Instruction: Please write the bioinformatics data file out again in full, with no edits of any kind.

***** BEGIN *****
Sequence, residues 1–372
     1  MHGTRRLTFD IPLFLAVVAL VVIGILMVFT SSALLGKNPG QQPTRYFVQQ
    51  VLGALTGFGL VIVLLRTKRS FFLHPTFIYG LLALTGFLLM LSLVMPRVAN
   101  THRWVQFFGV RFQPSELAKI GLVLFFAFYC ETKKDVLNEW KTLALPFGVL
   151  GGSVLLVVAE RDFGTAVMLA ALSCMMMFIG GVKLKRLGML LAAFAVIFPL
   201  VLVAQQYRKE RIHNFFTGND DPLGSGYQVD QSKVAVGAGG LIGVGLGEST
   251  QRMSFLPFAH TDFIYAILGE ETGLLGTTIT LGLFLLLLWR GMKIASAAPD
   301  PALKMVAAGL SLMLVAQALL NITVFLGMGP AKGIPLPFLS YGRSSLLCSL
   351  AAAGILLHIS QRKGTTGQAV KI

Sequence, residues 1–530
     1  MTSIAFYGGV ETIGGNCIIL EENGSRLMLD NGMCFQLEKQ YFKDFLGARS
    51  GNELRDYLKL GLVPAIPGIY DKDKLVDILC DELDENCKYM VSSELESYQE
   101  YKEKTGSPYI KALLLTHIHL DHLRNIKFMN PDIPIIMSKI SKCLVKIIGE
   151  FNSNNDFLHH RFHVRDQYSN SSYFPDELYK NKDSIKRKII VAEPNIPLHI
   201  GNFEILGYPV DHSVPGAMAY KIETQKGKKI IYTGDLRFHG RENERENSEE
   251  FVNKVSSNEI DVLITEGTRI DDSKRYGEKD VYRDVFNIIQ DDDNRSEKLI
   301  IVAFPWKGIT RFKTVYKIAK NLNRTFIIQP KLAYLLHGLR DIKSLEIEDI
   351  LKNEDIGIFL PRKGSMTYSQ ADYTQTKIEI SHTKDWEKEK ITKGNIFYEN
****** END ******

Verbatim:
Sequence, residues 1–372
     1  MHGTRRLTFD IPLFLAVVAL VVIGILMVFT SSALLGKNPG QQPTRYFVQQ
    51  VLGALTGFGL VIVLLRTKRS FFLHPTFIYG LLALTGFLLM LSLVMPRVAN
   101  THRWVQFFGV RFQPSELAKI GLVLFFAFYC ETKKDVLNEW KTLALPFGVL
   151  GGSVLLVVAE RDFGTAVMLA ALSCMMMFIG GVKLKRLGML LAAFAVIFPL
   201  VLVAQQYRKE RIHNFFTGND DPLGSGYQVD QSKVAVGAGG LIGVGLGEST
   251  QRMSFLPFAH TDFIYAILGE ETGLLGTTIT LGLFLLLLWR GMKIASAAPD
   301  PALKMVAAGL SLMLVAQALL NITVFLGMGP AKGIPLPFLS YGRSSLLCSL
   351  AAAGILLHIS QRKGTTGQAV KI

Sequence, residues 1–530
     1  MTSIAFYGGV ETIGGNCIIL EENGSRLMLD NGMCFQLEKQ YFKDFLGARS
    51  GNELRDYLKL GLVPAIPGIY DKDKLVDILC DELDENCKYM VSSELESYQE
   101  YKEKTGSPYI KALLLTHIHL DHLRNIKFMN PDIPIIMSKI SKCLVKIIGE
   151  FNSNNDFLHH RFHVRDQYSN SSYFPDELYK NKDSIKRKII VAEPNIPLHI
   201  GNFEILGYPV DHSVPGAMAY KIETQKGKKI IYTGDLRFHG RENERENSEE
   251  FVNKVSSNEI DVLITEGTRI DDSKRYGEKD VYRDVFNIIQ DDDNRSEKLI
   301  IVAFPWKGIT RFKTVYKIAK NLNRTFIIQP KLAYLLHGLR DIKSLEIEDI
   351  LKNEDIGIFL PRKGSMTYSQ ADYTQTKIEI SHTKDWEKEK ITKGNIFYEN